The Initiative for Free Trade (IFT) is a pro-Brexit, free trade thinktank launched in September 2017 by Boris Johnson and Liam Fox inside the Foreign Office. The group’s president is former Eurosceptic MEP Daniel Hannan, who has downplayed the threat of climate change, believing humanity can adapt to any impacts “with a fractional sum of money”. Originally called the “Institute for Free Trade” before being forced to rename by Companies House, owing to legal requirements around the use of the word “institute”, it published a “blueprint” for a deregulatory USUK free trade deal in 2018, in partnership with the US-based libertarian thinktank the Cato Institute. A number of long-time opponents of climate action are closely involved in the group, including former Australian Prime Minister Tony Abbott and Conservative peer Peter Lilley. The group was previously based at 57 Tufton Street, according to Companies House records. It then moved to 10 Buckingham Street and in February 2020 changed its address to the office of a Birmingham accountancy firm run by Saqib Bhatti, newly elected Conservative MP for the West Midlands constituency of Meriden. [31], [46], [64], [65]

11 Tufton Street

Public First is a PR firm which aims to help its clients “understand and influence public opinion through research and targeted communications campaigns”, crafting “policy ideas that Governments can realistically apply to difficult issues”, according to its website. [39]

The company was founded by James Frayne, a Conservative political strategist who has held roles at other PR companies such as Westbourne Communications and Portland Communications, as well as having worked as Campaign Director at the Tufton-based Taxpayers’ Alliance and as Director of Policy and Strategy at the right-leaning thinktank Policy Exchange. [40], [41], [42], [43]

Natascha Engel, former Labour MP known for her strong pro-fracking stance, became a Partner at the firm in July 2019, leading the company’s “infrastructure and regulation” division. [44]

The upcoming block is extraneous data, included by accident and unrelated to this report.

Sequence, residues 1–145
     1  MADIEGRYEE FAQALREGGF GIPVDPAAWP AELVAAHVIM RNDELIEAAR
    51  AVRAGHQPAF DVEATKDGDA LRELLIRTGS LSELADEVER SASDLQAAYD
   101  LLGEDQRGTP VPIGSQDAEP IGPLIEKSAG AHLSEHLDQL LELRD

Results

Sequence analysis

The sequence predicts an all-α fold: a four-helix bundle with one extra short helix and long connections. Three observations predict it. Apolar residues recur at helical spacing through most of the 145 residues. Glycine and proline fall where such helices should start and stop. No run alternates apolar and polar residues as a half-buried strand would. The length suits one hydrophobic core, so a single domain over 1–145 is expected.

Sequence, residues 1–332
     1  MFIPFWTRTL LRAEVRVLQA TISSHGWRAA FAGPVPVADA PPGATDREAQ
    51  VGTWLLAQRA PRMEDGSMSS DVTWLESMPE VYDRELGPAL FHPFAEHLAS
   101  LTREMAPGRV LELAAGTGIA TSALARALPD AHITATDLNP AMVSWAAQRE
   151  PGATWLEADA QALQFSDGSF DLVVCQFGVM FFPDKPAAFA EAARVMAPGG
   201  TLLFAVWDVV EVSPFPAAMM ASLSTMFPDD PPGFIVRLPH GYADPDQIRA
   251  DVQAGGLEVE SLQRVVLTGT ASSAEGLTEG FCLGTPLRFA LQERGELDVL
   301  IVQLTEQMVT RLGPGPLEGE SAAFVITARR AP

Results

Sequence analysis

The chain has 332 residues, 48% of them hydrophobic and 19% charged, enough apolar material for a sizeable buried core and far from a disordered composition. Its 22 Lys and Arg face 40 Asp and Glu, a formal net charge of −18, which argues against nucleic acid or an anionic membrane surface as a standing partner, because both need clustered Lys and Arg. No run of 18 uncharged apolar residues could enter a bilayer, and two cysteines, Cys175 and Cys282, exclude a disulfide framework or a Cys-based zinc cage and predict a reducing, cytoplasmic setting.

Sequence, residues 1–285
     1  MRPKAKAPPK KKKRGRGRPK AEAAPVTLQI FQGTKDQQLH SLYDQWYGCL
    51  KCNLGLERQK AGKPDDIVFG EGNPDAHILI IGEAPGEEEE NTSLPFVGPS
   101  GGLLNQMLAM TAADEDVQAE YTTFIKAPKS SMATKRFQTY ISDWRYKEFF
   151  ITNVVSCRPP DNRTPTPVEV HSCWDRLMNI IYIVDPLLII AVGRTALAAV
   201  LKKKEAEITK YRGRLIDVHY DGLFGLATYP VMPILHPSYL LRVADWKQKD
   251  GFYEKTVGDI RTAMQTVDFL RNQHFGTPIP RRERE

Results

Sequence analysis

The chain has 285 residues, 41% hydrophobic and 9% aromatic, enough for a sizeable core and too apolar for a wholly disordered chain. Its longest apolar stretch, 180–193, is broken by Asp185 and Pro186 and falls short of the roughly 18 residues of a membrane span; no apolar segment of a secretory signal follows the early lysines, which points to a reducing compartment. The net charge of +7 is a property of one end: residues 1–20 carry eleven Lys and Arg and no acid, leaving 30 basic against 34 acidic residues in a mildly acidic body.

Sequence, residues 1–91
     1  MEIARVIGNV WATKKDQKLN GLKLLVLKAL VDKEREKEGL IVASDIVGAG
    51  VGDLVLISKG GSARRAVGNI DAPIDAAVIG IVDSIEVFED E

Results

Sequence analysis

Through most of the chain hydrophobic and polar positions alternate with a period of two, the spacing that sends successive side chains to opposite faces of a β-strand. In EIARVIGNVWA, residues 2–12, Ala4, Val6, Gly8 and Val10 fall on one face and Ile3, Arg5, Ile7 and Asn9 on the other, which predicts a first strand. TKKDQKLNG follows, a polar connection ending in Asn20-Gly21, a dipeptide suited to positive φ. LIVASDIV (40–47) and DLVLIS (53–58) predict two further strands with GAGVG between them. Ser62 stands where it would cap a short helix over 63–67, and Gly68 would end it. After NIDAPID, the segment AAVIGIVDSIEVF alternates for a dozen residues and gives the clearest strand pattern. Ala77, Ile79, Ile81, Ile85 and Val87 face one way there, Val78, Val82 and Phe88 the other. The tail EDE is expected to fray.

2 Lord North Street 

Around the corner from Tufton Street is Lord North Street, which is home to the Institute of Economic Affairs. [32]

The Institute of Economic Affairs is a free-market think-tank and “educational charity” founded in 1955 by the late Sir Anthony Fisher and Lord Harris with the mission “to improve understanding of the fundamental institutions of a free society by analysing and expounding the role of markets in solving economic and social problems.” Trustees linked to 55 Tufton Street organisations include Lord Vinson, Neil Record, and Michael Hintze. The IEA has received significant amounts of funding from anonymous donors through DonorsTrust, as well as yearly donations from oil giant BP, as revealed by Unearthed in 2018. It has also taken donations from tobacco companies. [33], [34], [60], [61]

23 Great Smith Street

The Adam Smith Institute is a libertarian thinktank founded in 1977 to promote free-market ideas. It has published numerous articles and reports casting doubt on climate science and downplaying the potential of alternatives to fossil fuels, calling solar power in Britain an “impossible dream.” The group has also taken donations from tobacco companies. Co-founder and Director Eamonn Butler sits on the Economic Advisory Board of now dormant Tufton Street organisation Global Vision. [62], [63], [61]

40 Great Smith Street

Open Europe is a Eurosceptic thinktank that has been accused of stoking anti-EU sentiment in the UK media. In 2010, the Economist described it as a “political campaign outfit” made up of a team of young researchers who “translate and link to stories that show the EU in a bad light, in a daily press summary that has very wide circulation among political reporters”. In 2014, it published a report criticisng EU renewable energy targets which it said should be dropped “immediately”, recommending that the EU should “suspend its micromanaging energy policy-prescriptions.” In February 2020, it became part of the thinktank Policy Exchange, where its team will lead a new “Britain in the World Unit.” [66], [67], [82]


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Photo: Wikimedia Commons |